The listening Vikings laughed but quickly stopped, remembering the geese they had indeed seen the evening before, perched along the battlements calling loudly before flying away.  Full of roast beef and pillaged cider the Vikings had not bothered with them.

Furious, they burned the castle down.

Escape from Pirou castle, from the Pirou tapestry
Escape from Pirou castle, from the Pirou tapestry

The first return

Months later the birds returned.  Circling high they saw the remains of their castle and not a single Viking invader.  Landing, they looked for the Grimoire, to read the spell backwards and return to human form.  It was of course destroyed.

The geese stayed for a few weeks.  They made nests, nurtured their young, and then when their young were ready, they flew away again.

The next year they returned to search the ruins again.  They did this every year passing down the story of the lost Grimoire and the richness of their human life.

A new castle

One year they returned to find a castle.  The Vikings, realising it was the perfect place to view land and sea, had built it of stone.  Excited the geese hunted for their Grimoire, not entirely sure any more what it looked like, but confident they would know it when the saw it.  When they did not find the Grimoire they made nests, nurtured their young and stayed a while, strolling around the castle grounds as if they still owned it, which they think they do.

And that is the legend of the castle of Pirou.



Proud of the legend, in the 14th century Robert de Pirou added the neck of a goose as a crest to adorn the helmet on his coat of arms.

The story does not end there, ‘Le grand dictionnaire historique, ou Le mélange curieux de l’histoire sacrée et profane’ Tome 8 (page 376) published in 1759 told the story and included an update.

In the 18th century the geese are still returning every 1 March to search for their Grimoire.  They stay and lay their eggs in 18 or 20 nests, made ready for them with fresh hay.  While they are in the castle these wild birds become tame and will take bread or oats offered by hand.  Then in May, when their young are strong enough to fly, they steal away. Until the next year.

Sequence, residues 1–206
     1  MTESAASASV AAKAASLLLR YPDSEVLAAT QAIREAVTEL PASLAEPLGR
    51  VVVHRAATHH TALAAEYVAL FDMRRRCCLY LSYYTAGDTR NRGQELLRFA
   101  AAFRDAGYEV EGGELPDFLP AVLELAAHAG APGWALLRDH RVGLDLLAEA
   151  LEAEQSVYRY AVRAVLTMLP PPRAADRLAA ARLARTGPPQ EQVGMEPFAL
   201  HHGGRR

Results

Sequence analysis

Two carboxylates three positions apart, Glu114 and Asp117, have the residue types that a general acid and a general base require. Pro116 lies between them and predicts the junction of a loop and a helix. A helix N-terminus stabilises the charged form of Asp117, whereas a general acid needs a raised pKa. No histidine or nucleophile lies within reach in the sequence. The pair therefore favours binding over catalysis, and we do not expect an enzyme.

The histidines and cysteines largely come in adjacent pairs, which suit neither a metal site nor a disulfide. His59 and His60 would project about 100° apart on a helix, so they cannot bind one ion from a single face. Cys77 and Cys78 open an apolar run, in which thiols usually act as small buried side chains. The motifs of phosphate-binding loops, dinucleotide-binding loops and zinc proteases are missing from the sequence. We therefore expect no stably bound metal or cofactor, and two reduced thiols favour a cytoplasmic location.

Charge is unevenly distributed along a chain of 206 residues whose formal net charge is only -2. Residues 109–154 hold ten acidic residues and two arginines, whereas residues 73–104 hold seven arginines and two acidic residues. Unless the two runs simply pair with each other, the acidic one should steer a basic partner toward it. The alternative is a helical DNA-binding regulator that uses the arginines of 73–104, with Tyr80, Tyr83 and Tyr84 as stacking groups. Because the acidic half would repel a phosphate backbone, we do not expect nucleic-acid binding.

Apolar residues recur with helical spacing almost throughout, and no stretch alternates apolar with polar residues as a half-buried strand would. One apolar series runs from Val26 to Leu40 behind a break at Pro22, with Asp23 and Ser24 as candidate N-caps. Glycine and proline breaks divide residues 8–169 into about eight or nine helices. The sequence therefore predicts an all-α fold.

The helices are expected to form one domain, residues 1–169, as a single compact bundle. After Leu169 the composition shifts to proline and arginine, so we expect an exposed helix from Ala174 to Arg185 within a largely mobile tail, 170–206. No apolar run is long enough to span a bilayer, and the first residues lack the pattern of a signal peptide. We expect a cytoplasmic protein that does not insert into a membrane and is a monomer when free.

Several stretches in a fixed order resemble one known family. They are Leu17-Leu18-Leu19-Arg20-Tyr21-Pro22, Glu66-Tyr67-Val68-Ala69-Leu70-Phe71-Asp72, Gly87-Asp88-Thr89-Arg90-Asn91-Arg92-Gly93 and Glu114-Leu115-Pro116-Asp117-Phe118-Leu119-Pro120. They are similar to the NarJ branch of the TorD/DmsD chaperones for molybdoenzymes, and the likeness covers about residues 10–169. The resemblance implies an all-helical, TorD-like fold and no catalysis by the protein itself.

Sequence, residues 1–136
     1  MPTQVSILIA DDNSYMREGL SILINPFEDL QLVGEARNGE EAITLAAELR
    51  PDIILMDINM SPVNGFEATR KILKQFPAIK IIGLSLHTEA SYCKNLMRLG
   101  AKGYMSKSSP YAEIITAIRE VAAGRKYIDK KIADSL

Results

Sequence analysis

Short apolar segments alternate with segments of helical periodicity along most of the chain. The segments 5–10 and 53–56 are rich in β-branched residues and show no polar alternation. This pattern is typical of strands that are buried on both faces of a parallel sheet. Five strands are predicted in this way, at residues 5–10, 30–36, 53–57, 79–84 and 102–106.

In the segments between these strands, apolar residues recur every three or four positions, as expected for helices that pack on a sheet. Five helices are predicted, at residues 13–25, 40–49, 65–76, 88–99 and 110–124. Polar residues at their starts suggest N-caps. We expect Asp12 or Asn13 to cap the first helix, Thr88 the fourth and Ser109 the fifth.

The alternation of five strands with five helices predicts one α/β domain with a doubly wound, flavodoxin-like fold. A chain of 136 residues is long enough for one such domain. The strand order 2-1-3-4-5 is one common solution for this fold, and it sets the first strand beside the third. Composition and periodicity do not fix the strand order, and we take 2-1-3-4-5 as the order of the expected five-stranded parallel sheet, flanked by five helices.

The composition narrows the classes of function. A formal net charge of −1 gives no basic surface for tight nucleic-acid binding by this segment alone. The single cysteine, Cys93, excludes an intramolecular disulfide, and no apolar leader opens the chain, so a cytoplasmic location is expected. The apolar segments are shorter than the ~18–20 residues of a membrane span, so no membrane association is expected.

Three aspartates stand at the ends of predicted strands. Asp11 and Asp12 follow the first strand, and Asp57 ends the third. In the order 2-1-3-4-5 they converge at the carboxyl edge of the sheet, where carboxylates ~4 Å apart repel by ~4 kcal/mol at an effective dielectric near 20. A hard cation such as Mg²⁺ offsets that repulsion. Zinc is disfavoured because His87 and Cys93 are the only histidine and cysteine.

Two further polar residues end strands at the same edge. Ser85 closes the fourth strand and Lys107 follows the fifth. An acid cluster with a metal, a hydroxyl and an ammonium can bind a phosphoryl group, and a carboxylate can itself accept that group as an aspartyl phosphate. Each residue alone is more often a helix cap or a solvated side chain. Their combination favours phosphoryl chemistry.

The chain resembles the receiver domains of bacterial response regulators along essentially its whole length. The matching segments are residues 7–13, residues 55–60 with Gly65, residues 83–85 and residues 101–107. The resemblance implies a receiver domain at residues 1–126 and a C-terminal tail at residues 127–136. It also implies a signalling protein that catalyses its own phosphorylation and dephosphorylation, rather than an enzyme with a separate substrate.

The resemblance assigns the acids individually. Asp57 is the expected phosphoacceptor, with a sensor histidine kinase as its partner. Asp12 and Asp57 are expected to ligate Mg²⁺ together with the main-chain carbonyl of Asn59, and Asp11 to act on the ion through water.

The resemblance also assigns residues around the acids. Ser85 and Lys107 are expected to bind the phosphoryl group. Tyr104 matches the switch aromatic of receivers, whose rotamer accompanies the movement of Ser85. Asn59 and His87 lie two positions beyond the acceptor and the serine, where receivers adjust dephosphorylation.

By the time William Branch Johnson wrote about the legend in 1893 it had acquired a few embellishments.  Now the geese are fortune tellers; the number of geese arriving foretells the success of the coming seasons. Pregnant women are told if the ganders drop feathers in the courtyard they are having a boy, if the geese, a girl.  Poignantly, if a member of the Pirou Lord’s family is about to join the church, a goose of the same sex will stand away from the others in a lonely porch.


Over the years more of the marshland is cultivated and fewer geese arrive.  After some restoration and a redesign in the 18th century the castle fell out of favour.  The in the early 1960’s Father Marcel Lelégard visited with a youth group for a camping trip in the grounds.  He was distressed to see how the once proud castle was now a ruin, likely to disappear into its own moat if no-one came to its aid.  Fortunately for the castle Father Marcel did just that, and if you visit you can discover all about his excellent restoration of this Normandy treasure.


There is a small final note about the Pirou geese.  In 1975 there was an attempt to bring them back to the castle and the remaining marsh pools of Pirou; the Zwin ornithological reserve donated fifteen greylag geese to release in the castle moat.  Unfortunately most were caught by poachers. Once it became clear what was happening the remaining birds were quickly captured and taken back to Zwin. The experiment has not been repeated.



For visitor details, visit the Chateau website.

Not for the faint-hearted - the battlements are very very high
Not for the faint-hearted, the battlements are very very high




The largest cider press we have ever seen.
The largest cider press we have ever seen.